Ua Mau ke Ea o ka ʻĀina i ka Pono

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Ua Mau ke Ea o ka ʻĀina i ka Pono is a well-known Hawaiian phrase which was adopted as the motto of the state of Hawaii. It is commonly translated as "The life of the land is preserved in righteousness of the people".

This phrase was first spoken by Kamehameha III on July 31, 1843 at Thomas Square, Oʻahu, when the sovereignty of the Kingdom of Hawaii was returned by the British through the restorative actions of Admiral Richard Darton Thomas, following a brief takeover by Lord George Paulet.

Today, the phrase is extensively used by both the state of Hawaii and by Hawaiian sovereignty activists fighting the state.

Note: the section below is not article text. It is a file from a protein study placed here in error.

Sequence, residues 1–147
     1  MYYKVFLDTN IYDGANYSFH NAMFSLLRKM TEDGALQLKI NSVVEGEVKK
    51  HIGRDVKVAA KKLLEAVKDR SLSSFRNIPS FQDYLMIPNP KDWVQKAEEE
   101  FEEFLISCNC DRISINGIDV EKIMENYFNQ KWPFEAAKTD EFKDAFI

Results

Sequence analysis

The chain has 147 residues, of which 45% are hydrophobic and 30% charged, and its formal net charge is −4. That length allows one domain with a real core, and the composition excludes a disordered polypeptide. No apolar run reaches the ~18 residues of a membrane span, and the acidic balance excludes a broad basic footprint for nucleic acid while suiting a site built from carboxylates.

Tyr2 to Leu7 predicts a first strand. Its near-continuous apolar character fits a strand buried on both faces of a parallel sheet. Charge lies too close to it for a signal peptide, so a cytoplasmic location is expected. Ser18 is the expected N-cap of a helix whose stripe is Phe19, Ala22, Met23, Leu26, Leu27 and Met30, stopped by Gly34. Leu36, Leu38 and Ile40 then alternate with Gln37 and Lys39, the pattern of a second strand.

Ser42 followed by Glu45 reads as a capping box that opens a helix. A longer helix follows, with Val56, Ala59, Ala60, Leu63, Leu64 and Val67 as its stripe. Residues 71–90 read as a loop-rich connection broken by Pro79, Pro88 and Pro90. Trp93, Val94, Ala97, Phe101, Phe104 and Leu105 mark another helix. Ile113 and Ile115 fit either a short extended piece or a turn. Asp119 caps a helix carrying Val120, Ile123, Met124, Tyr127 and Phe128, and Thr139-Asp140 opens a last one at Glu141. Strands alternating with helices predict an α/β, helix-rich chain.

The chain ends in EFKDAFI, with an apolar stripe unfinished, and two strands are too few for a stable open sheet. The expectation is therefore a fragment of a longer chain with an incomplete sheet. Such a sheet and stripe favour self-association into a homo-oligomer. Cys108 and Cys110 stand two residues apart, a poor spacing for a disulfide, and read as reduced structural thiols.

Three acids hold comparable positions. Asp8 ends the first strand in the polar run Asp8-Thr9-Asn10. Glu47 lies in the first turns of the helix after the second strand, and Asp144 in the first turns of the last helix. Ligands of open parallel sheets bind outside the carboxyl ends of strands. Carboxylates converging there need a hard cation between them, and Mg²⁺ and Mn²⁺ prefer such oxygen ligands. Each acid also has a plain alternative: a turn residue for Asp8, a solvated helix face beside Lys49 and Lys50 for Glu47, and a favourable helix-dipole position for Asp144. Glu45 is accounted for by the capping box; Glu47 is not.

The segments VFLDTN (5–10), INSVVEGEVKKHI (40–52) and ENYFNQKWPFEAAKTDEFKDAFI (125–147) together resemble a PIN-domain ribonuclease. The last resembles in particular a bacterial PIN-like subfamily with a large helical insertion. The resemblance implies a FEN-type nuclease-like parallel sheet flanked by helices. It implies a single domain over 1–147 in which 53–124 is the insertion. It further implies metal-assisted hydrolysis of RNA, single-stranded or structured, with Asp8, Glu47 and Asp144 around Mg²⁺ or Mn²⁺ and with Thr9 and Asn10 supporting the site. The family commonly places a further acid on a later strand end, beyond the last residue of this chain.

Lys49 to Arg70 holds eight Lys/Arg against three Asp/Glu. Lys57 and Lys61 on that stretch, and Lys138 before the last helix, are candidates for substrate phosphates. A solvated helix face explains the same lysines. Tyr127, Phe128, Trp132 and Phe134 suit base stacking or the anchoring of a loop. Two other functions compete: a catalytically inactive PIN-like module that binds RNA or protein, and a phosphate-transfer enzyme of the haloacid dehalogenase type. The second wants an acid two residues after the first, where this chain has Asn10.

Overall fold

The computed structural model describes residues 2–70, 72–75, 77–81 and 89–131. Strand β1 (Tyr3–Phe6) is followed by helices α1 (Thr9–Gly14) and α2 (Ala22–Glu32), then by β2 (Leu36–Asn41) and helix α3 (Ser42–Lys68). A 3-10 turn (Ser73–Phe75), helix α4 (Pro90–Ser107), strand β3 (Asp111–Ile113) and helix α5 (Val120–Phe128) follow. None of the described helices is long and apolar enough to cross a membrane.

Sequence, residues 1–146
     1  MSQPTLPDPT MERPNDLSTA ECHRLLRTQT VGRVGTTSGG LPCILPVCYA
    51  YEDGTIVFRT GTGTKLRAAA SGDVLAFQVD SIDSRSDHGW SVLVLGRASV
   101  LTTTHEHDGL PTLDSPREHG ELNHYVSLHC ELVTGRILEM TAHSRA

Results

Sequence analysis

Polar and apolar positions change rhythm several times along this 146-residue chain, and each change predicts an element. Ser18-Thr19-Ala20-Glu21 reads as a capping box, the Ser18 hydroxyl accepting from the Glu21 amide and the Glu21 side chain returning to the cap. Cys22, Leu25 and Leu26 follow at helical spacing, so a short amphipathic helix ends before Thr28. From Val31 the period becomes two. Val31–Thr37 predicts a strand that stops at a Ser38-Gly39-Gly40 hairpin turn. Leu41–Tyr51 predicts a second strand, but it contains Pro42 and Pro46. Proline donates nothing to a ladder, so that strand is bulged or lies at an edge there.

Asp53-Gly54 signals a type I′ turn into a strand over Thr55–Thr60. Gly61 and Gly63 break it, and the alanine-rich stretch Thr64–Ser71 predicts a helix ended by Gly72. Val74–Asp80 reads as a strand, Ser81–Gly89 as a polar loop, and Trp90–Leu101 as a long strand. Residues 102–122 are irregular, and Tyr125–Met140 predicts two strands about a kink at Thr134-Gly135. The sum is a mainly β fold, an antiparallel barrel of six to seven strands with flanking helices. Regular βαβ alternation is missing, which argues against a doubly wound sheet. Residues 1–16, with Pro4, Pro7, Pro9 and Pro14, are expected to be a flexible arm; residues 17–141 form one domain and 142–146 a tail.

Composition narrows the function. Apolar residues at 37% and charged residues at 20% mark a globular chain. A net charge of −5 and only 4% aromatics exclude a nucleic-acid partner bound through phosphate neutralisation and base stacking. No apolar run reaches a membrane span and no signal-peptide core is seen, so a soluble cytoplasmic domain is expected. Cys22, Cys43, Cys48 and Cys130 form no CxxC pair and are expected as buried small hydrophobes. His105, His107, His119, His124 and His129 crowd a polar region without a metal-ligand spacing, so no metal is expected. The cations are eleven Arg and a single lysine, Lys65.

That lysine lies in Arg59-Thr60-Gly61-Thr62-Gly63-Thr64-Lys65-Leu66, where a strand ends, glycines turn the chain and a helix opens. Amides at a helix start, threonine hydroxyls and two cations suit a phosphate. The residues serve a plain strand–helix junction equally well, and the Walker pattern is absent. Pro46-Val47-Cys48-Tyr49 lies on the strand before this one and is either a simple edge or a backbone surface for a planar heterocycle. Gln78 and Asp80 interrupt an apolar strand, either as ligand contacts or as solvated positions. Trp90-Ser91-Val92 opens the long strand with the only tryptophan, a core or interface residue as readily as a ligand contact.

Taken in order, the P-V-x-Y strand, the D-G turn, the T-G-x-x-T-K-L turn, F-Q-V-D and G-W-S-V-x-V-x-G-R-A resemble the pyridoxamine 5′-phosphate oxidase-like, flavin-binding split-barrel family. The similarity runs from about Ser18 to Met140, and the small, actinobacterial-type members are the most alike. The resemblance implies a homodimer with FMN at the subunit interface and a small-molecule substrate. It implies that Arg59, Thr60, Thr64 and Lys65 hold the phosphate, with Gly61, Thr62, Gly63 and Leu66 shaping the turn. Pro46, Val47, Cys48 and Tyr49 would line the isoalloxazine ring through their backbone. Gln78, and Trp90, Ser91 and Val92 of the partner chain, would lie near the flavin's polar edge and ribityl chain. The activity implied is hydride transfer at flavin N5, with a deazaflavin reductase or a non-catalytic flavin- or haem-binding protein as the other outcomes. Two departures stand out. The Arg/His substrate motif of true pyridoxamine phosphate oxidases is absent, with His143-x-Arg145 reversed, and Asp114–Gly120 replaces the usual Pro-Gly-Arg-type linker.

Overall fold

Some of the words contained in this phrase have greater, more difficult to define meaning than is commonly ascribed. "Mau", for example, implies an unending continuation; "Ea" means not only "life", but "breath" and, more important, "sovereignty".[1] Pono is a well-used Hawaiian word that cannot be concisely translated. It includes aspects of goodness, excellence, fairness, order, propriety, completeness, care, value, organization, purpose, and hope.[2] It is commonly disputed that the word "ea" in this pronouncement refers to "life." Many now insist strongly that "ea" refers specifically to sovereignty because of the circumstances at the time Kauikeaouli uttered it. Thus, a more accurate translation is accepted as "The sovereignty of the land is perpetuated in righteousness." Admiral Thomas did what was righteous (pono) by returning the sovereignty of the Kingdom of Hawaiʻi to Kamehameha III on that day.


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